FDA issues new guidance on accounting for health care noncompliance when reviewing proposed devices

On October 21, the US Food and Drug Administration (FDA) published draft guidance that, if finalized, would update the agency’s 2018 guidance on its piercer program (the “Program”). In the draft guidance, FDA announced that when reviewing the eligibility of medical devices for the Program, the agency will also consider whether a device will help address health care disparities and promote health care equity. In other words, FDA intends to specifically consider whether a device can provide more effective treatment or diagnosis in populations affected by health and/or health care disparities when determining eligibility for breakthrough status.

The Breakthrough Devices program was launched in 2018 to provide patients and healthcare professionals with faster and easier access to medical devices that effectively diagnose and treat life-threatening or irreversibly disabling diseases or conditions. This program allows the FDA to expedite product development, evaluation, and review while maintaining statutory standards for premarket approval, 510(k) clearance, and de novo marketing authorization. If this final draft guidance is finalized after a public comment period, the agency will incorporate the proposed language into the 2018 guidance.

To address health care disparities, FDA is proposing to add a new section III.B.3.d to the 2018 guidance that recognizes the urgent public health need for innovative technologies that help reduce barriers to achieving of health equity and help improve health outcomes across populations. . The new section will recognize that “[a]Addressing health and health care disparities is important not only to achieve health equity, but also to improve overall quality of life and health outcomes for all patients.” Thus, it is suggested that consideration should be given to whether a device “is intended to address a pathophysiological or clinical feature associated with certain populations that may have a clinically relevant impact on the treatment or diagnosis of the condition in those populations’. If so, the device may be “considered reasonably expected to offer a more effective treatment or diagnosis” and therefore may qualify for breakthrough status. The FDA claims that the proposed changes “may accelerate the availability of certain devices that meet statutory designation criteria and benefit populations affected by health and/or health care disparities, thereby promoting and advancing health care equity.”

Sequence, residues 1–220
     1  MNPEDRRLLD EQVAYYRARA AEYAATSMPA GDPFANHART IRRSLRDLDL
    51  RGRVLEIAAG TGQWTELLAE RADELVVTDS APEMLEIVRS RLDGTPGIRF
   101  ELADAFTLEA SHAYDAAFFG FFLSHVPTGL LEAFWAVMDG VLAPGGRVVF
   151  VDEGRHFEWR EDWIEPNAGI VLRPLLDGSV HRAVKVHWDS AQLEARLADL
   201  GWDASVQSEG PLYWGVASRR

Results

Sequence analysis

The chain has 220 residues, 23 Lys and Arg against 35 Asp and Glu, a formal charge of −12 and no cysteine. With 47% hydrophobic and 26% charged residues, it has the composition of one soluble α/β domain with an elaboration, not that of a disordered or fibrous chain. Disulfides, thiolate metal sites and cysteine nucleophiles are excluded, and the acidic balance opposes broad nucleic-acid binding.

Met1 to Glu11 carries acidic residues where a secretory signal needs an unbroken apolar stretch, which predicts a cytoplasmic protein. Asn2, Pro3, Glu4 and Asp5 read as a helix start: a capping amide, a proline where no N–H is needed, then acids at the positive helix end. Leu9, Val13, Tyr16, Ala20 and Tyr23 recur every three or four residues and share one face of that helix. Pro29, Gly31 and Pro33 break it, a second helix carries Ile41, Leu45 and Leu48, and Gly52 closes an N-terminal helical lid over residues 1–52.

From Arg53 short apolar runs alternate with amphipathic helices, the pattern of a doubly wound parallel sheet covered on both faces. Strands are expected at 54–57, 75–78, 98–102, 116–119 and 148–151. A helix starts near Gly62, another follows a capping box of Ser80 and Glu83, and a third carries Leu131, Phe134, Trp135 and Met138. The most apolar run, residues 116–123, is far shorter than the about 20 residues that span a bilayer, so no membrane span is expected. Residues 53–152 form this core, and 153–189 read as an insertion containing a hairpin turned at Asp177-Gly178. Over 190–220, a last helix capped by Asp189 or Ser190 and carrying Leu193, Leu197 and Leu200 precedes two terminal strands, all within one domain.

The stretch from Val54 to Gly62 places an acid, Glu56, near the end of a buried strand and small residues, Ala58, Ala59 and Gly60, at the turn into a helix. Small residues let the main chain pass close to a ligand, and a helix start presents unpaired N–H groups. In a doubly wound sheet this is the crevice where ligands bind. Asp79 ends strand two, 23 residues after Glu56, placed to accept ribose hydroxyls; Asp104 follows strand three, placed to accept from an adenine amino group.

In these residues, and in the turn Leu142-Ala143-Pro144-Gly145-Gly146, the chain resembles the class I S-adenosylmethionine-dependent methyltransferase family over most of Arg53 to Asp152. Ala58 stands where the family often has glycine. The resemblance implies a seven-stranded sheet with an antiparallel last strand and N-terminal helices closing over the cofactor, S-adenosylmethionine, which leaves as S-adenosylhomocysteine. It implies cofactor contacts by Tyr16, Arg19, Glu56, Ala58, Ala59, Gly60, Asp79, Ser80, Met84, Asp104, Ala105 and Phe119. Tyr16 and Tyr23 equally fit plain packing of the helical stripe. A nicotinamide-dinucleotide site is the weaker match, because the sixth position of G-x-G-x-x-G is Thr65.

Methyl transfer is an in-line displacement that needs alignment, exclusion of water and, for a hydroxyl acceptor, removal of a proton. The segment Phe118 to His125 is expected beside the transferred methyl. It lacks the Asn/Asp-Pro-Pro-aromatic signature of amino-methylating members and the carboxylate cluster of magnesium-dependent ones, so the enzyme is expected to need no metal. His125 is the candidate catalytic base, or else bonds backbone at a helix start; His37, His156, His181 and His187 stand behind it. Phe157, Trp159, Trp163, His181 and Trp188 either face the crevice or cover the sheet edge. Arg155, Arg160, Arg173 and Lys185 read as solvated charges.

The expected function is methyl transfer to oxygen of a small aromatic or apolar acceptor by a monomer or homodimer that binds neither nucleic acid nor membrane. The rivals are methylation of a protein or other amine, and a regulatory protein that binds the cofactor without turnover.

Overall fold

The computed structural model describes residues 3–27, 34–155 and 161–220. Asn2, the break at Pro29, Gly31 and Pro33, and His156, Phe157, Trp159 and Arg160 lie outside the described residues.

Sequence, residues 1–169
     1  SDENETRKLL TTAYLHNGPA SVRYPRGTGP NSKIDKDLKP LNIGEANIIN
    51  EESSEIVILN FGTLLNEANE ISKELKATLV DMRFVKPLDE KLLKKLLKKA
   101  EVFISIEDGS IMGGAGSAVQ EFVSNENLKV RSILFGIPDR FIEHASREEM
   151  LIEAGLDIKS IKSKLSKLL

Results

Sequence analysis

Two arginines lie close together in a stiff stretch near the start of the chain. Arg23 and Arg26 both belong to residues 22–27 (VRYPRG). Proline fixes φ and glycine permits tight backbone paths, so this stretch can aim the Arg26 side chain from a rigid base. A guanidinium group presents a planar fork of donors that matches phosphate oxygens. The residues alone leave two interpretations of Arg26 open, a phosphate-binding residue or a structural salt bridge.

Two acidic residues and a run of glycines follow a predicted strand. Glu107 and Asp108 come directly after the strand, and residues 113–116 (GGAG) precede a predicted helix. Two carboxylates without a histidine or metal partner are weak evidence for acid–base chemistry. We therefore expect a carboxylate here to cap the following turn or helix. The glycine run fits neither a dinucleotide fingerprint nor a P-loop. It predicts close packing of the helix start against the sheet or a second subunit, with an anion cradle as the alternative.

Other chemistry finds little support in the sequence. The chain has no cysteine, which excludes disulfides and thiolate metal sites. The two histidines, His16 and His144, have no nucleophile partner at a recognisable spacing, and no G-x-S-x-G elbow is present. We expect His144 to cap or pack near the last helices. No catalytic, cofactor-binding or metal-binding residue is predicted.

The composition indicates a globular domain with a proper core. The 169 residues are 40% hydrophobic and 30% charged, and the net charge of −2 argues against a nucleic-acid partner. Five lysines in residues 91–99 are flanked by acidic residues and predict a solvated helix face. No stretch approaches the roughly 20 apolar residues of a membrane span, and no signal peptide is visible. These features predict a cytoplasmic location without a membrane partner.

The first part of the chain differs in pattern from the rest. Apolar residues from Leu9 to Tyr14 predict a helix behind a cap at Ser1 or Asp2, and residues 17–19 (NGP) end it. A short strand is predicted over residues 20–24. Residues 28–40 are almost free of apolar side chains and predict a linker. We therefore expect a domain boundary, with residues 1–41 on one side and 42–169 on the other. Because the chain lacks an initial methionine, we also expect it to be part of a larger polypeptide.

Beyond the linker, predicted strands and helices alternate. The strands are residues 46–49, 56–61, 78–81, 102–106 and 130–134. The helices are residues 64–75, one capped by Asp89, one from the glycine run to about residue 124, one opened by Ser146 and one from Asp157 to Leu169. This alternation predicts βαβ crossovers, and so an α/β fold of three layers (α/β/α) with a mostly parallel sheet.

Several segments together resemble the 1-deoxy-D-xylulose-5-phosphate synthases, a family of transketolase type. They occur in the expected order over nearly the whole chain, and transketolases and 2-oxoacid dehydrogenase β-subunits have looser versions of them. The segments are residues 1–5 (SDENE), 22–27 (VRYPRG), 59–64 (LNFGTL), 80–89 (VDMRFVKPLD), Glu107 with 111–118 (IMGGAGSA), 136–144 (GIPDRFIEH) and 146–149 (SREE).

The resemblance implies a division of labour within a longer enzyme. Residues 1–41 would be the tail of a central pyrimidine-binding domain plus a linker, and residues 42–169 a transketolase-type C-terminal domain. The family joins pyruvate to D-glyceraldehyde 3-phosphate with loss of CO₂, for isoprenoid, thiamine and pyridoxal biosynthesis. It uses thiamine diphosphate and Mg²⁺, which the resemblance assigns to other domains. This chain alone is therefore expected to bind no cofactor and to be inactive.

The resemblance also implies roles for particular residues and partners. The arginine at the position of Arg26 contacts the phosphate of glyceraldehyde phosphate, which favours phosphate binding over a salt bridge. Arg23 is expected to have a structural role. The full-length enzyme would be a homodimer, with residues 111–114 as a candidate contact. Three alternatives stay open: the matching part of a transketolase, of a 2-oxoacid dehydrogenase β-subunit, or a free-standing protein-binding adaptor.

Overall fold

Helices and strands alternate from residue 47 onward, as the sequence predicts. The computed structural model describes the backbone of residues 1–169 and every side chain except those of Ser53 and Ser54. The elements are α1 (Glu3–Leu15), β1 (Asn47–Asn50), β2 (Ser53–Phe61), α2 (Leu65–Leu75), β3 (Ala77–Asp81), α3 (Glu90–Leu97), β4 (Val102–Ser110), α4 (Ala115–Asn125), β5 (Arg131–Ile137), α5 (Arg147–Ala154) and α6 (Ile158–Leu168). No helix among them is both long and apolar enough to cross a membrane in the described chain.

In addition to the health disparities considerations, FDA proposed the following other changes to the 2018 guidance:

  • IN Introductioncertain non-addictive medical products for the treatment of pain or addiction may not be eligible for the Breakthrough Devices program.
  • Section III.B.1 Determination Considerations will have added language stating that the FDA will “review all information about a proposed device, including its function, potential for technical success, potential for clinical success, potential for clinically significant impact, and its potential benefits and risks when evaluating whether the device is reasonably expected to provide more effective treatment or diagnosis”
  • The last section receiving updates is Section III.C Designation Review Process which will describe when FDA may publicly disclose designation requests that have been “previously publicly disclosed or acknowledged by the sponsor of the breakthrough device designation request” and will publicly disclose its breakthrough device designation status for its intended use.

FDA will accept comments on the draft guidance until December 18, 2022.

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